It was a big week for North America last week, and not just because the Washington Nationals (formerly the Montreal Expos) won their first-ever World Series of baseball.
Both the US Federal Reserve and the Bank of Canada had policy announcements just four hours apart on Wednesday. The Bank of Japan followed 24 hours later with its own policy announcement. There were also some key economic metrics for the US and China, and of course more trade war/deal news to digest.
Starting in Canada, the CAD was the only major currency that didn’t appreciate against the USD because of the Bank of Canada’s policy announcement, which Mr. Market framed as a dovish hold. The BOC, as expected, left interest rates unchanged at 1.75%. However, they did surprise the market by marking down growth rates for the next two years. The central bank said the “resilience of Canada’s economy will be increasingly tested”, and that they thought trade conflicts would likely cause business investments and exports to shrink in the second half of the year.
Canada’s economy rebounded in August after a lull in the prior month but as you can see below, the monthly GDP has been decelerating hence the BOC’s concern.
In the US, the Fed cut rates by a quarter point to 1.50% - 1.75%, as expected and for the third time in a row. Chairman Jerome Powell characterized the move as an insurance cut aimed at offsetting risks of softer global growth and uncertain trade developments. He also indicated it would take a 'material' negative shift in the outlook to spark another rate cut, i.e. a hawkish cut.
The trade weighted USD index took a hit on the cut due to Powell’s statement that it would take a “significant rise” in inflation to start raising interest rates.
Another significant piece of data is the US Q3 GDP, which slowed to 1.9% (its second slowest pace in the past 3 years).
In Asia, the Bank of Japan acted as expected and left rates unchanged, but they did alter their forward guidance and lowered their growth forecast. According to BOJ Governor Kuroda, the global economic recovery will be delayed by a half year or more, and so they are actively considering more stimulus.
Bloomberg has reported that China is casting doubts about reaching a comprehensive long-term trade deal with the US, blaming Trump's “impulsive nature” and the risk that he may back out of even the limited deal that both sides are about to sign in the coming weeks. Chinese officials also warned that they won't budge on structural issues either, citing people familiar with the matter.
It is also worth noting that China is demanding an end to tariffs in order to begin any talks for "Phase Two". At least there’s a Phase One deal to cheer about, and the equity markets ran with this to set new record highs. Tread carefully though, since the graph below shows that the S&P 500 has diverged from corporate profits and history tells us that it is only a matter of time until a reversion to the mean occurs.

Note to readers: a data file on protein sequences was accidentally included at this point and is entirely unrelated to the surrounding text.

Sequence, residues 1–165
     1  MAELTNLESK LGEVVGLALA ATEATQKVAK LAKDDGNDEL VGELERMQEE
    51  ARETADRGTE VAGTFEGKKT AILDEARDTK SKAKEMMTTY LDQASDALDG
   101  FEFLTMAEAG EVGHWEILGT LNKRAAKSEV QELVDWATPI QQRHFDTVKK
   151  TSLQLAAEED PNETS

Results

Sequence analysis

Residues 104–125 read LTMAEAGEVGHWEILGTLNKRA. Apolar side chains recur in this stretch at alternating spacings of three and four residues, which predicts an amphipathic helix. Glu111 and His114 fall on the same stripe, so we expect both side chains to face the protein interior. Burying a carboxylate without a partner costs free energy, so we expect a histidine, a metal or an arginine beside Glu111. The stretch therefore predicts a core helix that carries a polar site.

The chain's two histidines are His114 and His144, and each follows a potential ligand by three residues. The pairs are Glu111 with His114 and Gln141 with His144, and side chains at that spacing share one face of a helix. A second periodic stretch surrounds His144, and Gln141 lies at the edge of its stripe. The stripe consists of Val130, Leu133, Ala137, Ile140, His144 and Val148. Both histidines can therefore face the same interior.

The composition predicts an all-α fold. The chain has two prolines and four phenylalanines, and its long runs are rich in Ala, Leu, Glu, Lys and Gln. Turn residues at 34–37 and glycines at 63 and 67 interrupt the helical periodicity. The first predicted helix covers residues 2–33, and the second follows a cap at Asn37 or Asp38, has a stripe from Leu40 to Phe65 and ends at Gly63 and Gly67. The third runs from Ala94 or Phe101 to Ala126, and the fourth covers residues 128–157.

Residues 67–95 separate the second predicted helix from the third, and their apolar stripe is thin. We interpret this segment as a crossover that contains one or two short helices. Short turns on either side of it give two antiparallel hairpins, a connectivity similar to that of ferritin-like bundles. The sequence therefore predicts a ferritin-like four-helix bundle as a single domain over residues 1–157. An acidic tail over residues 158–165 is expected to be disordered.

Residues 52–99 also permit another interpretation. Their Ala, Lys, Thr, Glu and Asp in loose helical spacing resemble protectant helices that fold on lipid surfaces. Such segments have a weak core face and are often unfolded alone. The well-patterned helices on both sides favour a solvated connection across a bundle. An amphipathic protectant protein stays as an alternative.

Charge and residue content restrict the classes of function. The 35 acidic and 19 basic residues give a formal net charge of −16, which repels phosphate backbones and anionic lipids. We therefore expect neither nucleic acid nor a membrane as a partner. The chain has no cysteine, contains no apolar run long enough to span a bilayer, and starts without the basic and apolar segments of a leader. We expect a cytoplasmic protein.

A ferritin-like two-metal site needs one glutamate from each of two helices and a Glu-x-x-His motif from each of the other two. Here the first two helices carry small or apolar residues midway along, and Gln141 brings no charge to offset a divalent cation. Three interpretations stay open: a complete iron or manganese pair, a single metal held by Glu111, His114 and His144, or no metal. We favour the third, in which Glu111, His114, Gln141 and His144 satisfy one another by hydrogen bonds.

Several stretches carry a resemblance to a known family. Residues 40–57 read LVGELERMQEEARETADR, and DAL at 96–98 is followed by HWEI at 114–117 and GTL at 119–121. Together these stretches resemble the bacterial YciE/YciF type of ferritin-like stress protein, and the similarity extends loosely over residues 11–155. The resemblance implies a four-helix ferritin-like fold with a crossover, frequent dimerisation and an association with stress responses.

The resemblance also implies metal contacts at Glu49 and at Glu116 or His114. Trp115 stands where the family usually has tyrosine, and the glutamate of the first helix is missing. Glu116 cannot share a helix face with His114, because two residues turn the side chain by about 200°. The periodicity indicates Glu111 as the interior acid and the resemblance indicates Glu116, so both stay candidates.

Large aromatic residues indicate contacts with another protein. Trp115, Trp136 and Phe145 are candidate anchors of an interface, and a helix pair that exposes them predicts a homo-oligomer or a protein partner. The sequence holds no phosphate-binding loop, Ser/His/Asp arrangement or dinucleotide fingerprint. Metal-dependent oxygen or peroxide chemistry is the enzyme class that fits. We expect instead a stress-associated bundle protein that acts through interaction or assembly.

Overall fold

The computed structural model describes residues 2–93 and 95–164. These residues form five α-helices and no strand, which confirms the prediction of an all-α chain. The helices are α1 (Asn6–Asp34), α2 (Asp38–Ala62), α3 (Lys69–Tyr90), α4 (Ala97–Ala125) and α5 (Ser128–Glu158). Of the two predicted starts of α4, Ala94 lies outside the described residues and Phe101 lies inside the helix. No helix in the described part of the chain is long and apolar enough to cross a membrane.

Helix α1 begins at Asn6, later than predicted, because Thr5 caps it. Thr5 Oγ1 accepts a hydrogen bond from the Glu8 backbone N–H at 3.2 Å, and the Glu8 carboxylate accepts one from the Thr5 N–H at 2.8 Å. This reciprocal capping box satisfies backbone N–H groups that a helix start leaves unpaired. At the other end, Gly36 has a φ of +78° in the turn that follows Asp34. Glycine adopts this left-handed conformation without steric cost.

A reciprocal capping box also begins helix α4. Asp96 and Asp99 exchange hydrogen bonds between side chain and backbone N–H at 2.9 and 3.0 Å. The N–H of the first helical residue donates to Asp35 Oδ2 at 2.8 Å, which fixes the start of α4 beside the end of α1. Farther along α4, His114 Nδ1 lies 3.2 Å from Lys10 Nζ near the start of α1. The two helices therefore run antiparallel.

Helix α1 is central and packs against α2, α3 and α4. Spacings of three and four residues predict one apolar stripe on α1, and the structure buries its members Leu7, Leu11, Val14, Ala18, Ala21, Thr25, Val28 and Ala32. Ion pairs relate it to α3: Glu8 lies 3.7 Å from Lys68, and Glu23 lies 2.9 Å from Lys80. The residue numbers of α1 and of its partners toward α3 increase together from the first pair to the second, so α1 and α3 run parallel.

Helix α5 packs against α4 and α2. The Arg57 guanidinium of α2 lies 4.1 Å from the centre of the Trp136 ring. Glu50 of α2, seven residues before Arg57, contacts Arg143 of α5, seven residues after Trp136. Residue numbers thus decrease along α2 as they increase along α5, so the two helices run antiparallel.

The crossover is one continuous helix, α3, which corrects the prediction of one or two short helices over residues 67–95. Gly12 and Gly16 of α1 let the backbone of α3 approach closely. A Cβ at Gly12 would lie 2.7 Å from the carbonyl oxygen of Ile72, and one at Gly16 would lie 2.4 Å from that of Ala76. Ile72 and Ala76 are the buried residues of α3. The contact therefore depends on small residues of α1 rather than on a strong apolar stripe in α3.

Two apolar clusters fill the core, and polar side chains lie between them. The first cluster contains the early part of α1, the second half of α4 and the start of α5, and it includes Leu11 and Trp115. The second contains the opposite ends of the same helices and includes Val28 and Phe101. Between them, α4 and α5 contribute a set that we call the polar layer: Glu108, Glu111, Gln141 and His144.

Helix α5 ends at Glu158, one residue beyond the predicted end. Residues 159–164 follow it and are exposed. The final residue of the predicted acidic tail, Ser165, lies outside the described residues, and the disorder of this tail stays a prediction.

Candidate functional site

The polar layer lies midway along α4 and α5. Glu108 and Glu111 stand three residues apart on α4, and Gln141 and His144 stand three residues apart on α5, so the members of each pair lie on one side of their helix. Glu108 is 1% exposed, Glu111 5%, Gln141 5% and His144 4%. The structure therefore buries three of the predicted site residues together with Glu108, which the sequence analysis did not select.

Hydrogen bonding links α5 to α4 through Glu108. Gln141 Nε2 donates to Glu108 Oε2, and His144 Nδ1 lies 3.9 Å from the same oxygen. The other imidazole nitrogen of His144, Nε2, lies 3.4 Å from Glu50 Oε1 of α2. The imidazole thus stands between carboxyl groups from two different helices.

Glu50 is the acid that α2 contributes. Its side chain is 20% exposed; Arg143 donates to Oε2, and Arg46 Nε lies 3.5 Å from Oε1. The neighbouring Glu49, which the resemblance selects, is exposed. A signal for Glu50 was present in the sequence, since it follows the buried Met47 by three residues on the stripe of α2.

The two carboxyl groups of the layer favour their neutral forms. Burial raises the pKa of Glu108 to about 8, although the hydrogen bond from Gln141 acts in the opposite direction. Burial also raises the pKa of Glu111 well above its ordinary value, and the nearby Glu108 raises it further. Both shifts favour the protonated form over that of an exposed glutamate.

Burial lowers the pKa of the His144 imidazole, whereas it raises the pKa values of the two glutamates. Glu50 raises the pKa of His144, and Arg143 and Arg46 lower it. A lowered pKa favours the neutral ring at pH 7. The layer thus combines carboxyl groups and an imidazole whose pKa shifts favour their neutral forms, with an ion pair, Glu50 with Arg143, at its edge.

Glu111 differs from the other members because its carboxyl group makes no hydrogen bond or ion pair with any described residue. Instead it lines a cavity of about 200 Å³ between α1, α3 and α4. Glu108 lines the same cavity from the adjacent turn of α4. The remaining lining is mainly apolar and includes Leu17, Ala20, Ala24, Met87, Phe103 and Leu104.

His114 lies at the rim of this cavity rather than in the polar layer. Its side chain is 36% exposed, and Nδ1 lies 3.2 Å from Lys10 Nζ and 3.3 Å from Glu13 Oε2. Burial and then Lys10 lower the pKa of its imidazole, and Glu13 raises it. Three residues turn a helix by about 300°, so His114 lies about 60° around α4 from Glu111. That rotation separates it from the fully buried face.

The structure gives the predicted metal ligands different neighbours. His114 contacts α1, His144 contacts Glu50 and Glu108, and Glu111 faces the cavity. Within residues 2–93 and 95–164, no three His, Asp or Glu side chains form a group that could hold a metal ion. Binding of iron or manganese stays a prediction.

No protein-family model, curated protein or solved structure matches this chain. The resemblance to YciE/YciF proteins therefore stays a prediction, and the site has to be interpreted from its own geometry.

Chinese PMIs were a mixed bag. The manufacturing index fell from 49.8 in September to 48.3 in October while the non-manufacturing index fell from 53.7 to 52.8. That does not look promising. However, the rival Caixin/Markit index, which represents China’s small factory activity, showed a different picture, rising to 51.7 from 51.3, its highest level since February 2017. More importantly, though, it registered its fourth consecutive monthly improvement.
Turning our attention to the Eurozone, the economy grew 0.2% in Q3, the same pace as in the previous period and slightly above market expectations of 0.1%. The GDP in the region is now up a meagre 1.1% y/y, the slowest in six years.
The Brexit saga continues as the EU granted the UK an official 3-month extension. The UK Parliament then promptly agreed to a December 12 general election in hopes that the people can add more clarity to the situation.
Just in case you are tired of hearing about Brexit, allow us to remind you that it is a two-step process. The current step is the divorce agreement, and once that has been finalized then the EU and UK will have to agree on how they will continue their trade relationship.
There is the week that was; now, let us look at what lies in the week ahead. In North America, while there are no major US economic reports next week, there are reports for Canadian trade, housing, and employment. These reports may show why the Bank of Canada changed its tune at last week’s meeting. Monday’s final Eurozone sector PMI could be interesting, if they are able to exit their run of sub-50 readings. Germany, the economic engine of the Eurozone, has some key data release (factory orders, industrial production, and trade) which may reinforce the ECB’s concerns about the region’s largest economy. Lastly, China’s export data and Caixin Services PMI will provide insight into the toll taken by the trade war.
There are also two central bank announcements on the docket. No changes are expected from the Bank of England and the Reserve Bank of Australia. The BOE will be happy that there will be no Brexit fallout to deal with for another three months, while the RBA will remain in the dovish camp with little chance of another cut this year.
Key Data Releases This Week
Senior FX Dealer,
Global Treasury Solutions